The collar spread in a semi-spread will have a wider spread than the point collar, but won’t really reach a wide enough gap for it to be a true spread collar. You can expect the vast majority of off-the-rack shirts you will find at any given store to have a semi-spread collar, which makes complete sense since the semi-spread collar is a very safe choice for most men. It can welcome most tie knots given there is enough tie space available and it can safely be worn unbuttoned. It’s also worth mentioning that a semi-spread collar will flatter most type of faces.

Spread Collar

Spread Collar

Another very common collar, which I can safely guess most of your shirts have. The spread collar has been popular for some time now and its acceptance will surely keep growing amongst the most dapper gents. With a wider spread than the point collar (obviously) and the semi-spread collar, this is a great companion to most tie knots, but you’re safer avoiding very small, tiny knots –  windsors and double windsors will shine with a spread collar. Pairing this collar with a bow tie is a risky choice, but I’ve seen it done successfully on my occasions.

Cutaway Collar

Cutaway Collar

Approaching the most adventurous areas of shirt collars, we find the cutaway collar. A quintessential collar for the most courageous sharp dressers. These are definitely not as common as the collars we have already explained, but they add a lot of style and sophistication to a chic outfit. At this point you’re better off avoiding bow ties altogether and stick to regular neckties, which again, work better with larger knots, although a 4-in-hand might work just fine if you like to show some collar band – a look I’ve grown to like.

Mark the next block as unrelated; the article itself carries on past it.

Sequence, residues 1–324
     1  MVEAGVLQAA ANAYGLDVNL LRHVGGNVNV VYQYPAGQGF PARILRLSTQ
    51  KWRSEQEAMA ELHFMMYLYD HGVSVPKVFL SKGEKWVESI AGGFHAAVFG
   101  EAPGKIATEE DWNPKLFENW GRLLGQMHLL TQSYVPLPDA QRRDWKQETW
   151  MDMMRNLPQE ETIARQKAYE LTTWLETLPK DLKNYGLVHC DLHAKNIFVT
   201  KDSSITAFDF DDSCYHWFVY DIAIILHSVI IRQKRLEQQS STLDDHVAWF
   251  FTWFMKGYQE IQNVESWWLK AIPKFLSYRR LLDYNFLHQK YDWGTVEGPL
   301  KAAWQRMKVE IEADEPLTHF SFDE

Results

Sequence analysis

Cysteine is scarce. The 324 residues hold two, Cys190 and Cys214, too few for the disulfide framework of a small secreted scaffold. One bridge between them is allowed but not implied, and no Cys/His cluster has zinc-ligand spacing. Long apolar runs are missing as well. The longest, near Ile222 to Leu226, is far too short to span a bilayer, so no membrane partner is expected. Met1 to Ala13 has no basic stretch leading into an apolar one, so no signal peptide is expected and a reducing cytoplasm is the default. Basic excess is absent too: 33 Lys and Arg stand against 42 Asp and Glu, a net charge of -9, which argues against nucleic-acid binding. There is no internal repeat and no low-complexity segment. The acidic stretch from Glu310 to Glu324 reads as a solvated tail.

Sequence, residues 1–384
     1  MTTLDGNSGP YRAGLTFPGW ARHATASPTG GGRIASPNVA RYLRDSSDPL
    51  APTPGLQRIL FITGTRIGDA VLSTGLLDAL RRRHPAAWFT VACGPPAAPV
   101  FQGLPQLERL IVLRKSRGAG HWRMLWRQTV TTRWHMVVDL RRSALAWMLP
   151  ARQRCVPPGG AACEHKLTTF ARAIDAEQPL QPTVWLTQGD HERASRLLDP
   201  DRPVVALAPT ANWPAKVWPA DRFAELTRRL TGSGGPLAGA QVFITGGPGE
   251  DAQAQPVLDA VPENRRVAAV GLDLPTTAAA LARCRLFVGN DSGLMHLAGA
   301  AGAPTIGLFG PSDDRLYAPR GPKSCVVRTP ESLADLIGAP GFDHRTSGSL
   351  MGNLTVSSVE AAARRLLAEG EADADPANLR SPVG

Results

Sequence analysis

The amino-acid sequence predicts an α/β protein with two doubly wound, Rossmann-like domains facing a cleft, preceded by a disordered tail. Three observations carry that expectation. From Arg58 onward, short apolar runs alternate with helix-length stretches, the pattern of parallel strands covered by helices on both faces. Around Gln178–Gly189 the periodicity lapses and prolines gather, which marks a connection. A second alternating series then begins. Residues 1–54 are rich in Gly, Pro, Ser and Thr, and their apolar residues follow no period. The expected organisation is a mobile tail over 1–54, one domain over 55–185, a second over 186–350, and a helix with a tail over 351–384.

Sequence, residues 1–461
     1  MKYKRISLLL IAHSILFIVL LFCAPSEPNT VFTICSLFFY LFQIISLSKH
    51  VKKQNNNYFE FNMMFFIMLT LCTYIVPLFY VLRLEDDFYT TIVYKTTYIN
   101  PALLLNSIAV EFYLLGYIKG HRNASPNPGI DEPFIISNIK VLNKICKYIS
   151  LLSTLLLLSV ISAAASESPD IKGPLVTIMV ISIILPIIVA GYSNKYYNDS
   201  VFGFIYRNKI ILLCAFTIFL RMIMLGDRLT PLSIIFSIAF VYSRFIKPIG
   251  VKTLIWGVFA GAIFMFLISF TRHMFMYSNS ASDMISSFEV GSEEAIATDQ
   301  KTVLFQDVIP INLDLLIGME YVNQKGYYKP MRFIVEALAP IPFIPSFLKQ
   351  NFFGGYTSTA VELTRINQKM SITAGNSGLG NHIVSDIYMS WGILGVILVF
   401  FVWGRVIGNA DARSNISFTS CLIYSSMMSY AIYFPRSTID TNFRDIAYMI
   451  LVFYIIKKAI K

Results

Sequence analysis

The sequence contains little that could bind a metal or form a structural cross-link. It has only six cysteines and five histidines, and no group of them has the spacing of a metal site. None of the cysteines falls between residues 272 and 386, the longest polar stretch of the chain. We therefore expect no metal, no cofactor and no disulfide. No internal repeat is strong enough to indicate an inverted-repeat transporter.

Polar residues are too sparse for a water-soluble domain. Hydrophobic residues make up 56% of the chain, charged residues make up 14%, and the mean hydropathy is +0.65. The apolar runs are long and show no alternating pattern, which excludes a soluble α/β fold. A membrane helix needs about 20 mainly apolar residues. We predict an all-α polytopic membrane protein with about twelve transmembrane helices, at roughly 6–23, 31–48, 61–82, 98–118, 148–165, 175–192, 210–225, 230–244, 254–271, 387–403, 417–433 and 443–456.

Deep Cutaway Collar

Deep Cutaway Collar

The most extreme spread you can find in a dress shirt collar. If original and stylish is the look you are going for, then by all means give this collar a fair try – a warning: it might not be easy to find it OTR, but it’s always a nice feature to go for on tailored or made-to-measure shirts. Again, avoid the bow tie and try to have fun with different neck tie knots – I feel with a deep cutaway collar any tie knot will add to the personality of the outfit, so feel free to be audacious. Last, this might not be a very flattering collar for short guys who want to avoid horizontal breaks on their ensembles, although pairing it some vertical lines on ties and suits can reduce the shortening effect of the collar.